(491 citations total for [4] and [5])

X-Compact [4, 5] has proven essential to cost-effective manufacturing and high-quality testing of almost all contemporary electronic systems today, enabling billions of dollars in cost savings across the industry. X-Compact and its derivatives have been implemented in widely-used commercial Electronic Design Automation (EDA) tools, e.g., Synopsys, Cadence. In addition to paper awards, X-Compact received ACM SIGDA/IEEE CEDA A. Richard Newton Technical Impact Award in EDA (a test of time honor, Award 5 in 1.14) and Intel's highest corporate honor, the Intel Achievement Award (IAA, Award 12 in 1.14).

Resilient electronic systems:

6. S. Mitra, N. Seifert, M. Zhang, Q. Shi and K.S. Kim, “Robust System Design with Built-In Soft Error Resilience,” IEEE Computer, Vol. 38, Issue 2, pp. 43-52, Feb. 2005.

7. M. Zhang, S. Mitra, TM Mak, N. Seifert, Q. Shi, K.S. Kim, N. Shanbhag, N. Wang and S.J. Patel, “Sequential Element Design with Built-In-Soft-Error-Resilience,” IEEE Trans. VLSI, 2006, Vol. 14, Issue 12, pp. 1368-1378, Dec. 2006 (Expanded version of [3]).

(997 citations total for [3] and [4])

8. M. Agarwal, B. Paul, M. Zhang and S. Mitra, “Circuit Failure Prediction and Its Application to Transistor Aging,” IEEE VLSI Test Symp., pp. 277-286, 2007. (564 citations)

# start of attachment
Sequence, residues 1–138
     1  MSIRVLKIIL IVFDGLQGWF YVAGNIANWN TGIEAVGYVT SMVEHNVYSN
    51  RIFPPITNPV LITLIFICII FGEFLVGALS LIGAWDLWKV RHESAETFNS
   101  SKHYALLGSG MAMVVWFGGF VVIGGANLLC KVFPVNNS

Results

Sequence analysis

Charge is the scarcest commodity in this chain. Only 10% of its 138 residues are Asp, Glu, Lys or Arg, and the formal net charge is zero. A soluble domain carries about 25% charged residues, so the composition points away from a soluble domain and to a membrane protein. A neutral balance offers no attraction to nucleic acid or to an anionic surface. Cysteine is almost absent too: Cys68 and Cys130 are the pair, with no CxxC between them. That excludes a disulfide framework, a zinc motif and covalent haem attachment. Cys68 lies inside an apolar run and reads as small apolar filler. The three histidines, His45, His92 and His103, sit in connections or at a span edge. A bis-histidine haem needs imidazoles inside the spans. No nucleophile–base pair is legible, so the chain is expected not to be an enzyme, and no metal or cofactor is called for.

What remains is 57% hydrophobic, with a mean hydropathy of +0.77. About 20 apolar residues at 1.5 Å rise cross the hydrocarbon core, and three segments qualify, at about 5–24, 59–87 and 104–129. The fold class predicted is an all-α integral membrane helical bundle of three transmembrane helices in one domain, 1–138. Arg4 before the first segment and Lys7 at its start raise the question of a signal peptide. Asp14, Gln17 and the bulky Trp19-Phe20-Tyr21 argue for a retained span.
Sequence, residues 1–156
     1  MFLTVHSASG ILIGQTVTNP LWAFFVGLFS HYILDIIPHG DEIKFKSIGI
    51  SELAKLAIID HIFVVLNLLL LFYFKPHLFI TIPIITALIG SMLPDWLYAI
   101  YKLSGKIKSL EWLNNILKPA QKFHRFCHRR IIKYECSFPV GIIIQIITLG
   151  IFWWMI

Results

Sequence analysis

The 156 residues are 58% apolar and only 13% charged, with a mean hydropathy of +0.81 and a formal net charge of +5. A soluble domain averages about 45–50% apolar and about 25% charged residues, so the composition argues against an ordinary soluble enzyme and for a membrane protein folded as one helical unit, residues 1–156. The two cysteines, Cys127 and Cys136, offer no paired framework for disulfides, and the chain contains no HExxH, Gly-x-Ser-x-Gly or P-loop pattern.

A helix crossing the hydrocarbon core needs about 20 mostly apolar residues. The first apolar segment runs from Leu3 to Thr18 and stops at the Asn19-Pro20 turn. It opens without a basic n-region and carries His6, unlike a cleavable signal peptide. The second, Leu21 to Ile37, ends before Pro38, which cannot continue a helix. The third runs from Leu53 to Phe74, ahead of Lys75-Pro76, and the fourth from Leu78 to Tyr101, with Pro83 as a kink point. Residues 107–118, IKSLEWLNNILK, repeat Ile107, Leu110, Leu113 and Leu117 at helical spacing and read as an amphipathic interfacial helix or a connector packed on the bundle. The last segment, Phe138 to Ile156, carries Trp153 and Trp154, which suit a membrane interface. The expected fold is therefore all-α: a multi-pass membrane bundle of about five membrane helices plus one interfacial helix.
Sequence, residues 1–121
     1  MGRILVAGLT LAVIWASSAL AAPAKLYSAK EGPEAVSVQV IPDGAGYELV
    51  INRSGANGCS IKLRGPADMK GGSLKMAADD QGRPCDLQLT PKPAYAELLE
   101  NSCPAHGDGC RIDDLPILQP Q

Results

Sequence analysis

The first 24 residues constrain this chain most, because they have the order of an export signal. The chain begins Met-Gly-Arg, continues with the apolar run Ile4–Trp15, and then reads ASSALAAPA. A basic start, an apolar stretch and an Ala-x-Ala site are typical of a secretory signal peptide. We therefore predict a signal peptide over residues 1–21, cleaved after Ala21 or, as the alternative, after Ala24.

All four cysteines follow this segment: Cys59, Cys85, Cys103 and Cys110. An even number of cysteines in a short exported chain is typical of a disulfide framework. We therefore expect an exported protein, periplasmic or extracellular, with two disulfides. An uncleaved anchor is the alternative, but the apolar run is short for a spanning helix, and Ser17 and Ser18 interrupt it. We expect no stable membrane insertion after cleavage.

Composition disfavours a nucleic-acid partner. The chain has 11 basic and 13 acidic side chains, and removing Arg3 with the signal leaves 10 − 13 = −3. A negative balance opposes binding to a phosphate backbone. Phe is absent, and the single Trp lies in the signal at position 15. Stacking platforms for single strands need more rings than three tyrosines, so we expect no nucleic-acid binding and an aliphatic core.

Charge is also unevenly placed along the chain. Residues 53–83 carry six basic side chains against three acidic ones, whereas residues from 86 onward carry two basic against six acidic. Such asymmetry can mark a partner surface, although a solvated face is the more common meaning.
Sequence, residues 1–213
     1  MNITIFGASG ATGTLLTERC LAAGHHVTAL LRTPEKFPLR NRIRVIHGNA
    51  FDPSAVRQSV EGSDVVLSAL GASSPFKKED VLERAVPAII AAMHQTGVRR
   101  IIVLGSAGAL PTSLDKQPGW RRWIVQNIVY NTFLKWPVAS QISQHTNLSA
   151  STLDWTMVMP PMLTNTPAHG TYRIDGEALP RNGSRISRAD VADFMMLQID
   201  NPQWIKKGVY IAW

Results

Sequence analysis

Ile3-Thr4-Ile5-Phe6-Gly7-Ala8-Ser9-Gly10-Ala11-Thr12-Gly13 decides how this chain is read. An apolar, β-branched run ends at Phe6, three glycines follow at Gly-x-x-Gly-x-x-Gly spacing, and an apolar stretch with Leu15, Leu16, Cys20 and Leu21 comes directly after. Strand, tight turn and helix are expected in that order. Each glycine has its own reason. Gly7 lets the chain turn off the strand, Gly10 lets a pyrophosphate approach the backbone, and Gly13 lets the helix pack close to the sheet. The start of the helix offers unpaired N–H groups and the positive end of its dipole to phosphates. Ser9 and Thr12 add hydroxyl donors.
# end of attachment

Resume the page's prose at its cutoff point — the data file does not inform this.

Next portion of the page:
9. Y. Li, S. Makar and S. Mitra, “CASP: Concurrent Autonomous Chip Self-Test using Stored Test Patterns,” IEEE/ ACM Design Automation and Test in Europe, Munich, Germany, pp. 885-890, 2008. (191 citations)

[6 - 9] have spurred significant research and industrial practice on resilient electronic systems, from deeply embedded systems to cloud computing and supercomputers, that must tolerate hardware errors during their operation.
[6, 7] and their extensions solve the critical challenge of soft errors during system operation that cause unexpected data corruption or expensive downtimes. Radiation beam results by TSMC, Intel, Cisco, Broadcom, Marvell, Boeing and many others have verified that these techniques improve soft error rates by 3 to 5 orders of magnitude all the way to sub-10nm feature sizes.

[8] formulates the concept of circuit failure prediction for signaling impending circuit failures before errors occur, with extensive follow-on activities in industry and academia – its adoption is growing rapidly, in markets ranging from cloud computing to automotive systems (e.g., Google, Proteantecs), for predictive health monitoring of electronic systems throughout their lifecycle.

CASP [9] enables a system to predict and detect hard failures by testing itself concurrently during normal operation. CASP and its derivatives have been implemented in major products (e.g., Intel, Nvidia, Renesas, Texas Instruments and in Synopsys tools) for cloud computing and automotive ISO26262 automotive safety standard.

Approaches in [6 -9] received Best Paper Awards (including Ten Year Retrospective Most Influential Paper Award) at major venues, Intel’s Divisional Recognition Award (“for breakthrough soft error protection technology”), Dissertation Awards for Prof. Mitra’s Ph.D. students, Research Highlight by Intel Labs, and Highlight by DARPA (as one of three major results of its PERFECT program).